Opera and Rhetorical Gesture
Last year at this time I had just finished the drawings for Chicago’s Haymarket Opera company’s production of Charpentier’s La Descente d’Orphée aux Enfers, and this year I’ve designed two additional sets, a palace and a port, for their production of Purcell’s Dido and Aeneas. Last year I posted on the integration of the arts and opera; this year, in concert with my book on emulation, I want to offer something brief on the emulative relationship of the arts.
After the Charpentier performance last year I was struck by the image of live actors in period costume performing in front of the sets I’d designed, and it prompted me to compose a painting based on a moving scene in the opera where, on the death of Eurydice, Orpheus curses the “implacable gods.” Reverberating back from the drama, my composition recalled the approach to rhetorical gesture that Poussin had developed, and I wanted to integrate the “actors” and the setting in both formal and rhetorical ways.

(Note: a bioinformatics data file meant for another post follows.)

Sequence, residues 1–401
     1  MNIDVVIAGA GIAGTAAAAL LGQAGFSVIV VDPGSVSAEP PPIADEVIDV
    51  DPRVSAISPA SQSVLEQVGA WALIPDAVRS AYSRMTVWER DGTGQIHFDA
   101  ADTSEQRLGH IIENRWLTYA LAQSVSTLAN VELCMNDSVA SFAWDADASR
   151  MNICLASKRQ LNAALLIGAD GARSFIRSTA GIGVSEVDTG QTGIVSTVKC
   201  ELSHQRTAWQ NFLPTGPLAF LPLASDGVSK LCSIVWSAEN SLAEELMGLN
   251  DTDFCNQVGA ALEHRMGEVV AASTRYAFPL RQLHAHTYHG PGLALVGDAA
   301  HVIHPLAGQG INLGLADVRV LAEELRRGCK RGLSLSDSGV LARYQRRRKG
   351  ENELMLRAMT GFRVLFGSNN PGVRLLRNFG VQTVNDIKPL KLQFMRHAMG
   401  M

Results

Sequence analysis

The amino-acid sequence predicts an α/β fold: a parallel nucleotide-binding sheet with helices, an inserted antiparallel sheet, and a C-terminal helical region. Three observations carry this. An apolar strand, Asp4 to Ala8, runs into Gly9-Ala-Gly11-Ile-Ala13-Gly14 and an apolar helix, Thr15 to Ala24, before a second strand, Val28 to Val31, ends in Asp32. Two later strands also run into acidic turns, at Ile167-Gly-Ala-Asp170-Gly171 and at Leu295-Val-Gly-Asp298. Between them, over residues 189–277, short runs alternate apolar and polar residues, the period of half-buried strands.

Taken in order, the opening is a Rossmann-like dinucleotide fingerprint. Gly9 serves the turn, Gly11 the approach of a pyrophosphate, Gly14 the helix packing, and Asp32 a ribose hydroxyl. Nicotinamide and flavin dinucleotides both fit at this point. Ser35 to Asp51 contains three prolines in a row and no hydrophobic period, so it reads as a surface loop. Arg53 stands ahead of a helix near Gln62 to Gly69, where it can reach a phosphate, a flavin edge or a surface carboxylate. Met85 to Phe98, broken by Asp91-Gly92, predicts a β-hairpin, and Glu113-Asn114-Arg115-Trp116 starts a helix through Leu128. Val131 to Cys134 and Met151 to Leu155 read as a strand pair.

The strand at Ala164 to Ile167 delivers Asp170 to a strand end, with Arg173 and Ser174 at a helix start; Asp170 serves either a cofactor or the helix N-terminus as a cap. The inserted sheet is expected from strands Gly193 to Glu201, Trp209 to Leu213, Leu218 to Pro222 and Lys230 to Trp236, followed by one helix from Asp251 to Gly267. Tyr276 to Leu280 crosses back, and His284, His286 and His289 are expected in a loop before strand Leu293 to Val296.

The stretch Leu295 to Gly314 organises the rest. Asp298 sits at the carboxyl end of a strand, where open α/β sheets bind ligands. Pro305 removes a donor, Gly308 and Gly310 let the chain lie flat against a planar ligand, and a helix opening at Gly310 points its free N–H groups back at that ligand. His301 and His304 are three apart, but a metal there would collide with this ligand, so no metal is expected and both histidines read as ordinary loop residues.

What I had learned in the course of thinking about the first performance was the ways in which performance gesture in the Baroque depended on painting, even as painting itself was often “theatrical” and dramatic. Those interdependencies were reciprocal and ongoing, despite what some art historians might prefer to see as a more linear borrowing. Seeing for myself what dramatic action does to static scenes made me appreciate even more Poussin’s rhetorical gestures, for example in the Metropolitan Museum’s Rape of the Sabines; and I wonder if anyone has looked into Poussin’s attendance at the theaters of Rome?